Show me another single stat for a pitcher that doesn't take much explanation and captures both quality and quantity. ERA (and it's more accurate derivatives) doesn't capture quantity. Strikeouts only capture a limited aspect of pitching, as you can strikeout a ton and stink and strikeout relatively few and be good.

    Wins (and saves) convey both quality and quantity to a degree -- and are increasingly "accurate" over time, a guy like Blyleven being the exception that proves the rule. Sure, as soon as you have more than 10 seconds to think about it, wins are completely overshadowed by a simple combination of other stats, but let's face it, 95% of fans don't care about being accurate. They just want something to talk about. Furthermore, we have to realize that the media's "job" is to get eyeballs, not to be the most accurate.

    So long as most fans aren't stat-heads and most media members are about appealing to the most fans, simple stats that convey "good enough" information in most cases will continue to prevail.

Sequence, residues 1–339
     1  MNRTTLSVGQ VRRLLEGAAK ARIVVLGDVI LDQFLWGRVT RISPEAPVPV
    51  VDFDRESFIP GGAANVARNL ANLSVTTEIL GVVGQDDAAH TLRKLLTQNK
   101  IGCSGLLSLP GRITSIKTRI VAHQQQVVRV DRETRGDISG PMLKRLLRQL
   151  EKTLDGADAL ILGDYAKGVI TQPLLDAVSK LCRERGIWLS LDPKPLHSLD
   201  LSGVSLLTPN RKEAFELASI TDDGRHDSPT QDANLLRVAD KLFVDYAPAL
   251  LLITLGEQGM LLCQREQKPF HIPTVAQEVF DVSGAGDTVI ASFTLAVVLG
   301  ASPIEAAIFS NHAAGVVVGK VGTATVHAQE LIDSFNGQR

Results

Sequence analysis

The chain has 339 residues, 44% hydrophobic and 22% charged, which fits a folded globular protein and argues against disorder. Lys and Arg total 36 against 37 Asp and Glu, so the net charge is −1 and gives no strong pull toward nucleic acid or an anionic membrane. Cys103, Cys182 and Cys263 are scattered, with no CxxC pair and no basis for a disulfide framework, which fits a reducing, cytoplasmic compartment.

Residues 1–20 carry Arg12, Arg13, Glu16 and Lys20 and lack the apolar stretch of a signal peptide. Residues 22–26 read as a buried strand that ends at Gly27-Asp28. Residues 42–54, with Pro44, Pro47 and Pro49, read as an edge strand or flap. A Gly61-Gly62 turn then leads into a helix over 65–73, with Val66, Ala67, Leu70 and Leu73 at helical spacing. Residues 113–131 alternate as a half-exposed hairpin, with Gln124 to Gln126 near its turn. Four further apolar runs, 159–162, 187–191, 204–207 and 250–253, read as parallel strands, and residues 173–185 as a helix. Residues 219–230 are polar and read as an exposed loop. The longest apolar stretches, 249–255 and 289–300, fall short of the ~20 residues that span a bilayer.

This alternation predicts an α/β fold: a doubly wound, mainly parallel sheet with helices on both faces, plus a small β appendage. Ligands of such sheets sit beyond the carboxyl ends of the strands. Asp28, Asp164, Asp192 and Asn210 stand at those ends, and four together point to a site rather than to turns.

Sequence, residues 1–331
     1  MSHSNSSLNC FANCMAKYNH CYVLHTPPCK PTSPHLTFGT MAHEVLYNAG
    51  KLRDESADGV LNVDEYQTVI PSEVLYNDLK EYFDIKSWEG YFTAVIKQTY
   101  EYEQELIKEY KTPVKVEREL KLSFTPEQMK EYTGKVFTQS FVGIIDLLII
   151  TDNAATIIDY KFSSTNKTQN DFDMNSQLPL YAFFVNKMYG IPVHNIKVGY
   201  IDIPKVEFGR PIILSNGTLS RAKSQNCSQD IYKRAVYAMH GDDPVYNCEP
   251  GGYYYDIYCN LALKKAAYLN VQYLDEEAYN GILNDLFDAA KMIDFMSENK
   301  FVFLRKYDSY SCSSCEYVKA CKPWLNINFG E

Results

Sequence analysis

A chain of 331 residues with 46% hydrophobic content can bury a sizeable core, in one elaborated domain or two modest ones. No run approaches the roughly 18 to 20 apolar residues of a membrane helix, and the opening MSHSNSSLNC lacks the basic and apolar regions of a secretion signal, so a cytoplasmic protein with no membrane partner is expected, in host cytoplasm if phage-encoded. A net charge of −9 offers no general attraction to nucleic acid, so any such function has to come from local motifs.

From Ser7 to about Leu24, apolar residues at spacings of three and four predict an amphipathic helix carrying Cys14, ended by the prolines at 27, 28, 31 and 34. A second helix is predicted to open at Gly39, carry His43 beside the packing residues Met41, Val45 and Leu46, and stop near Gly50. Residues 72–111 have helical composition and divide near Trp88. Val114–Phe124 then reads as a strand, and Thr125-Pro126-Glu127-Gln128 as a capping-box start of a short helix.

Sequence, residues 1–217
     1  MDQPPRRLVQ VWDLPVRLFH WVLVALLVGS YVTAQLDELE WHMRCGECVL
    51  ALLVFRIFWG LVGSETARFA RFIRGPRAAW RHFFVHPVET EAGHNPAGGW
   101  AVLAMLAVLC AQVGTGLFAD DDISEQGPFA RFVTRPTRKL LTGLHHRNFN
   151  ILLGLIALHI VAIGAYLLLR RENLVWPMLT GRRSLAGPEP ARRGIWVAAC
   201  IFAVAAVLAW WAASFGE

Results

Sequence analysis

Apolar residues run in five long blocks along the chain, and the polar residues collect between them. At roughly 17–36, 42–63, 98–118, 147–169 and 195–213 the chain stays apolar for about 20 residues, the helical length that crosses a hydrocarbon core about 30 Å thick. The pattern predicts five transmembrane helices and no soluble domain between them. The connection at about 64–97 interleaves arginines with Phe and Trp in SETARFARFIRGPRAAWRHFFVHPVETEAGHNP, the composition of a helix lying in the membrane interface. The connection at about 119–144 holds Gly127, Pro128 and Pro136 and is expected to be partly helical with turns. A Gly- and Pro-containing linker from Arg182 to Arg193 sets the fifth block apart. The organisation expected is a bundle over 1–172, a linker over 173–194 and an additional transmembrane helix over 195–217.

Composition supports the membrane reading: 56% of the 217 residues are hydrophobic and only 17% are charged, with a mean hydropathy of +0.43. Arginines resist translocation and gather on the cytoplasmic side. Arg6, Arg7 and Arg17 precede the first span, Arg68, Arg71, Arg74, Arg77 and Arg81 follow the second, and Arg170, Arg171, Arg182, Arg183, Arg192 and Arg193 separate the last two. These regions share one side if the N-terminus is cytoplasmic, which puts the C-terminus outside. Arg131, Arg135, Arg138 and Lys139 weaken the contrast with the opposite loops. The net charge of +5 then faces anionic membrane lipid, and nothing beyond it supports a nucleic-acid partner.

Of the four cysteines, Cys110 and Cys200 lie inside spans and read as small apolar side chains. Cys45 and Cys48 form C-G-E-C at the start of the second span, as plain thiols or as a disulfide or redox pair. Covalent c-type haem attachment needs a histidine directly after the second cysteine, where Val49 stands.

Games are won on run differential -- scoring more than your opponent. Runs are runs, scored or prevented they all count the same. Worry about scoring more and allowing fewer, not which positions contribute to which side of the equation or how "consistent" you are at your current level of performance.

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    Rally Onion! Chip R's Avatar
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    Re: Is the win a useless statistic?

    Quote Originally Posted by Kc61 View Post
    But it's not to get the closer personal stats. It's because the manager feels the ninth is important and the closer is used to that role and will do best pitching the ninth.

    Actually, I think a lot of the time it is. Time and again we see Dusty bring Cordero on with a 3 run lead or if the tying run is on deck. Dusty's not the only one who does this either.
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    Re: Is the win a useless statistic?